South, North Korea declare commitment to full denuclearization, ending war

By Jennie Oh
South, North Korea declare commitment to full denuclearization, ending war
South Korean President Moon Jae-in (R) and North Korean leader Kim Jong Un announce the joint Panmunjom Declaration at the Peace House in the border village of Panmunjom in Paju, South Korea, on Friday. Photo by Inter-Korean Summit Press Corps/UPI | License Photo

GOYANG, April 27 (UPI) -- The two Koreas have reached a landmark Panmunjeom Agreement to achieve full denuclearization of the Korean Peninsula and agreed to pursue a peace treaty to formally end the Korean War.

South and North Korean leaders Moon Jae-in and Kim Jong Un signed and declared an agreement Friday after their historic summit talks at the Peace House building, on South Korea's side of the Panmunjeom border village.


"Chairman Kim and I have set an unshakeable milestone on the denuclearization, permanent peace and the shared prosperity of the people on the Korean Peninsula," Moon said in a joint briefing with Kim after they signed the document.

The three-part document specifies ways to fulfill the improvement of inter-Korean relations to seek common prosperity and unification; the easing of military tensions between the two sides; and the permanent establishment of peace on the Korean Peninsula.


"I became profoundly aware that the South and North cannot live separately, as we are flesh and blood and compatriots," Kim said. "We are not two different nations that should fight one another but, we are the same people, of the same blood, who must unite and live peacefully."

As highly anticipated, the two leaders decided to seek a formal end to their state of war and establish a peace treaty through trilateral efforts with the United States or a four-way meeting including China.

South and North Korea are technically still at war as their 1950-53 Korean War ended with an armistice signed by the U.S.-led United Nations Command, North Korea and China.

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Seoul and Pyongyang will also refrain from using force on one another as part of measures to ease military tensions and strive to build trust through a step-by-step process, according to the document.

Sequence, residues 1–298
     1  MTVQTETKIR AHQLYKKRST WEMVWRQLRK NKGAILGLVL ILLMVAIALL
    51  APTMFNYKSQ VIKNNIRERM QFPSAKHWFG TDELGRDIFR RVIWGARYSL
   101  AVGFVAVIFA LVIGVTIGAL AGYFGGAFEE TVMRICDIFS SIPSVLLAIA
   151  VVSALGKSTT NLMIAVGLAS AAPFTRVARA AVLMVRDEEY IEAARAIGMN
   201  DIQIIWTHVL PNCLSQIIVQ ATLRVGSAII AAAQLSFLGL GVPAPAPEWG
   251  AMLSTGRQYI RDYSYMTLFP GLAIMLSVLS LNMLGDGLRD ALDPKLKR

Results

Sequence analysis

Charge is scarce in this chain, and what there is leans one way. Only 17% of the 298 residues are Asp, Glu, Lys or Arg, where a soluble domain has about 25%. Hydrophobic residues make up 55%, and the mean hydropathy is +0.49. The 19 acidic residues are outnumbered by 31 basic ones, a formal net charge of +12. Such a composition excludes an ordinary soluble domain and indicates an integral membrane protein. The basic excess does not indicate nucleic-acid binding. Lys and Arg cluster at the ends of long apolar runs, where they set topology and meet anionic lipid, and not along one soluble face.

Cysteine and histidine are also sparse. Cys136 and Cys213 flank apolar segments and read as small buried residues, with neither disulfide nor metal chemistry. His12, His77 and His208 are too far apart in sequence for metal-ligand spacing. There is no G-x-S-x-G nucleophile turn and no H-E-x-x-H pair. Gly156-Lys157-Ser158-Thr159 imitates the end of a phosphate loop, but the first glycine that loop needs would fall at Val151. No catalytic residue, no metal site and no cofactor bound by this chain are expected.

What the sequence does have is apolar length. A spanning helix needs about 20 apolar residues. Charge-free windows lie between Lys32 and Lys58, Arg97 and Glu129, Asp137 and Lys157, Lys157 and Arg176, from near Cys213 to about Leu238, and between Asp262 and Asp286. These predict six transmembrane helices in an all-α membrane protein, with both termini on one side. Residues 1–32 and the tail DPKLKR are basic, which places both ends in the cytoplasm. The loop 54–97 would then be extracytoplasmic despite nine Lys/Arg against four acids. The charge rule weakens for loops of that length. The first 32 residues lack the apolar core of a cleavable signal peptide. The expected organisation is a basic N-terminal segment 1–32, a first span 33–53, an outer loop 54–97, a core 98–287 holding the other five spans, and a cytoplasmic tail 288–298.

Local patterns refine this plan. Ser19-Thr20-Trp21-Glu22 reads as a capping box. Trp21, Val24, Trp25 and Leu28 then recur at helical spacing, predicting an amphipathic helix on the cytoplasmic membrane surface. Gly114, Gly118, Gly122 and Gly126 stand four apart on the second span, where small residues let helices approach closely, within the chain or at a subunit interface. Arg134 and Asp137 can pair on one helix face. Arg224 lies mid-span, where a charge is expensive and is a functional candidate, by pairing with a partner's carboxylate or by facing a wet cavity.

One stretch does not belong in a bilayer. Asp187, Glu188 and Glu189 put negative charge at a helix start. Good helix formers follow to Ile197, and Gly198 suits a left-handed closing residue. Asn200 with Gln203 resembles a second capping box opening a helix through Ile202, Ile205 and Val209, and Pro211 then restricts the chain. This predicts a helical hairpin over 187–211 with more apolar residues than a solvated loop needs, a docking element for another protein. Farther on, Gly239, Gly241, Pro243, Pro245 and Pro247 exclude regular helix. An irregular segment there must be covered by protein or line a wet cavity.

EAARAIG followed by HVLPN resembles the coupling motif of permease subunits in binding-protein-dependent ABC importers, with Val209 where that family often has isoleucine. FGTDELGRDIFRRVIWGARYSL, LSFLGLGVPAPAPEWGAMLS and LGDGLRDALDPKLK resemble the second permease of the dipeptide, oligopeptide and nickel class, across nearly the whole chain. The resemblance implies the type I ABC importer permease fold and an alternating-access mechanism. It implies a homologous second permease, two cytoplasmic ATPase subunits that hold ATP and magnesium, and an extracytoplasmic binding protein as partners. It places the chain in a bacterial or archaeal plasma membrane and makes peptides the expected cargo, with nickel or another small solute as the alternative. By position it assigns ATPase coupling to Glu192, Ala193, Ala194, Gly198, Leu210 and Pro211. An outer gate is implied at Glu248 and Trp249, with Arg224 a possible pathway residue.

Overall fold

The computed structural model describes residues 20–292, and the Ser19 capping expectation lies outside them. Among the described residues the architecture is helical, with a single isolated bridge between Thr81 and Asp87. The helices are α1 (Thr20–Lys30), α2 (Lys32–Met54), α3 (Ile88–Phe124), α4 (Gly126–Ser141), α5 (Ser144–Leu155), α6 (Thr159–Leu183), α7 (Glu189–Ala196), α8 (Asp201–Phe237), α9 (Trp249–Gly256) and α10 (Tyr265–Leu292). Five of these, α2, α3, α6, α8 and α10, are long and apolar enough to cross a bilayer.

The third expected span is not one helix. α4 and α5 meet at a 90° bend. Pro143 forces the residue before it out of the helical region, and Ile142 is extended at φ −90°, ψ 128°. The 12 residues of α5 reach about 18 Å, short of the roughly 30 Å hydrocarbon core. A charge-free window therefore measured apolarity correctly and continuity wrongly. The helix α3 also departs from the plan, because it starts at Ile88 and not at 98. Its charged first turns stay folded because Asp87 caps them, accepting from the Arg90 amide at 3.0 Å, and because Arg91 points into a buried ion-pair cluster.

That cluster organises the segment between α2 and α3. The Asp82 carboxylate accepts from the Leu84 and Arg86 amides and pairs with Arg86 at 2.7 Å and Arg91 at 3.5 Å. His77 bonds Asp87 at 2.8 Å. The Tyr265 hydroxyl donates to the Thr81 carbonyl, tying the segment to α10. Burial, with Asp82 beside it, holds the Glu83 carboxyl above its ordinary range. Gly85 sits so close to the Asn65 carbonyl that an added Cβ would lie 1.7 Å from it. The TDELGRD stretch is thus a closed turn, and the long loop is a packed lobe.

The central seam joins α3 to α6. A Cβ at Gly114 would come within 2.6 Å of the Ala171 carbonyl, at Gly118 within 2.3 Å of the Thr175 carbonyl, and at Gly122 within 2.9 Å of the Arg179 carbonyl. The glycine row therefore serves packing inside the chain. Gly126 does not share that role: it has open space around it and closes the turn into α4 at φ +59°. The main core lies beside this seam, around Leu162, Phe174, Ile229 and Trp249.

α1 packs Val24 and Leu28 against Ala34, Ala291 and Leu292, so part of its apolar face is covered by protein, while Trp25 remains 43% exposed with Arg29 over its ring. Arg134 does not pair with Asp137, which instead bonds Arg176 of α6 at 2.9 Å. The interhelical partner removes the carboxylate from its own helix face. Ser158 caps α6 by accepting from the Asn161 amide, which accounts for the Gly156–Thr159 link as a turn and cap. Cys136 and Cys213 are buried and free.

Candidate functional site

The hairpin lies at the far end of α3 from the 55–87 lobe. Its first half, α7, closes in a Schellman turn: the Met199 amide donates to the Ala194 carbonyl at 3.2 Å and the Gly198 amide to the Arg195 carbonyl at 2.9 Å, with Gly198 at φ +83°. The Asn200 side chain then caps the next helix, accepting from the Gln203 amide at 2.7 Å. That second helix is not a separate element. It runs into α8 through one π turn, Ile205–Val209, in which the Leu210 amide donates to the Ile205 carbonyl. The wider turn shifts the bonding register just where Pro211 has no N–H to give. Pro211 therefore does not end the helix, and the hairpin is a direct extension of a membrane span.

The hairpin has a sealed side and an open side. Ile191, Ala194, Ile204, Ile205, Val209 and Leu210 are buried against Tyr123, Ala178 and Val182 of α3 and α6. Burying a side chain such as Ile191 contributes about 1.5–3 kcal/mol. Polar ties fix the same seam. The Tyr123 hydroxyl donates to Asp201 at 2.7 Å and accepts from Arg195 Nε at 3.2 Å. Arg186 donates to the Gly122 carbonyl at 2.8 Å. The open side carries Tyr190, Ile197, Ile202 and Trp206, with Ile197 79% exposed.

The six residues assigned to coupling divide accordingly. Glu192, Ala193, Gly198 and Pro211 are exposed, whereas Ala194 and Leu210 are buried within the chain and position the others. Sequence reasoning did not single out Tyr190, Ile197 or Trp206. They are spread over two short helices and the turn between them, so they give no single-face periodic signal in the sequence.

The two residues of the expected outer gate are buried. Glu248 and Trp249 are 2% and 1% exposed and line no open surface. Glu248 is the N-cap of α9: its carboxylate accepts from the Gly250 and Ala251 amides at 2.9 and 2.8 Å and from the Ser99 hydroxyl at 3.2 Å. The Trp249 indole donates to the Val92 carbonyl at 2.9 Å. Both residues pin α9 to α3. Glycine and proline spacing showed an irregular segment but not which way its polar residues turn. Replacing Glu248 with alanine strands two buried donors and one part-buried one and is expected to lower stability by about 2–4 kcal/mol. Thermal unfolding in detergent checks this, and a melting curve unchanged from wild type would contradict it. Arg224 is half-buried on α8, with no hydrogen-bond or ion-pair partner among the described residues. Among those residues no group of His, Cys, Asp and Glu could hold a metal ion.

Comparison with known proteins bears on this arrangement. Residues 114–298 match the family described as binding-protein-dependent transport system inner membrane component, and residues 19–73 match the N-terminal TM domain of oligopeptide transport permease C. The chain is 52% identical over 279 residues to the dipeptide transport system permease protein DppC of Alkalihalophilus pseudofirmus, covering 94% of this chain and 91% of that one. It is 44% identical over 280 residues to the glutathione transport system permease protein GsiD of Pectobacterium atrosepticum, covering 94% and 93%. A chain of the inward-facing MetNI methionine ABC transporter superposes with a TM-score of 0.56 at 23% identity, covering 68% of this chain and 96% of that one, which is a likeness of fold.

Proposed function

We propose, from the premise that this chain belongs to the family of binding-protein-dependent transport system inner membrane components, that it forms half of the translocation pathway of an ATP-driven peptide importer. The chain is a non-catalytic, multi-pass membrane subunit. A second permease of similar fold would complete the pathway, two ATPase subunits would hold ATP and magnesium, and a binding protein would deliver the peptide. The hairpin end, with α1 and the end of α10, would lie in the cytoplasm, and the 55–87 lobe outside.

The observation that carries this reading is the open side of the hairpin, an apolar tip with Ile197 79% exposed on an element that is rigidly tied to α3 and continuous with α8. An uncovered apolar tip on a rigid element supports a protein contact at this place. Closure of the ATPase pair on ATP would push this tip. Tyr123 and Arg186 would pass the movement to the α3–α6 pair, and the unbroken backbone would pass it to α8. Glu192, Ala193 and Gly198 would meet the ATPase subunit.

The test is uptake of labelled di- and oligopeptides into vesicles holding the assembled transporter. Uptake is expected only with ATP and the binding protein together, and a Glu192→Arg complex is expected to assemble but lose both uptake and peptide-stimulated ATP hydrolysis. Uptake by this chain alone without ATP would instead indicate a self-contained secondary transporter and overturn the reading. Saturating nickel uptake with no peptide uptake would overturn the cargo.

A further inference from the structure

"Through our firm trust in each other, Kim and I will hold regular summits and direct phone calls frequently," Moon said.

He plans to visit Pyongyang this fall, according to the agreement.

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The president added that government officials will also "closely talk and cooperate," and civilian exchanges and cooperation will also take place for the reconciliation of the Korean people.


Under the agreement, the two Koreas will establish a joint liaison office in the North's industrial area of Kaesong to enable "close coordination" between two governments as well as ensure smooth civilian exchanges and cooperation.

The document also declares the resumption of meetings between war-separated Korean family members from Aug. 15, when Koreans celebrate the anniversary of its liberation from Japanese occupation.

Meetings between family members who have been separated for nearly 70 years have been stalled since 2015, after ties between the two Koreas deteriorated under the previous conservative administration.

Since taking office last year, the South Korean president has reached out to Pyongyang, urging reconciliation as well as denuclearization on the Korean Peninsula, in his vision for peace and prosperity for the two Koreas.

A month into his presidency, he requested the North's participation in the Pyeongchang Winter Olympics and Paralympics hosted in the South, from February to March this year.

Months later, in his New Year's address, Kim expressed his urge to build peace with the South as well as send North Korean athletes to the Winter Games.

Since then, Seoul and Pyongyang have seen a growing atmosphere for dialogue on peace and denuclearization, with various cultural, sports and high-level exchanges between the two sides.


In March, Moon's special envoy to the North, Chung Eui-yong, conveyed Kim's willingness to hold summit talks on denuclearization with South Korea and the United States.

The historic meeting between the Moon and Kim took place at 9:30 a.m. Seoul time.

It marked the first time an inter-Korean summit has been held on the Southern side of the border, and the first time a North Korean leader crossed the Military Demarcation Line that divides the two Koreas.

"I believe all people in the South and North will also be able to walk the road I walked today [across the border], and that Panmunjom, which represents the pain of our nation, will be able to enjoy prosperity, after the South and North become one, as they were before," Kim said.

The finer details of denuclearization and negotiation on the terms are expected to be addressed by Kim and U.S. President Donald Trump, during their proposed summit in the coming weeks.

Trump has said the meeting is likely to occur in late-May or early June.

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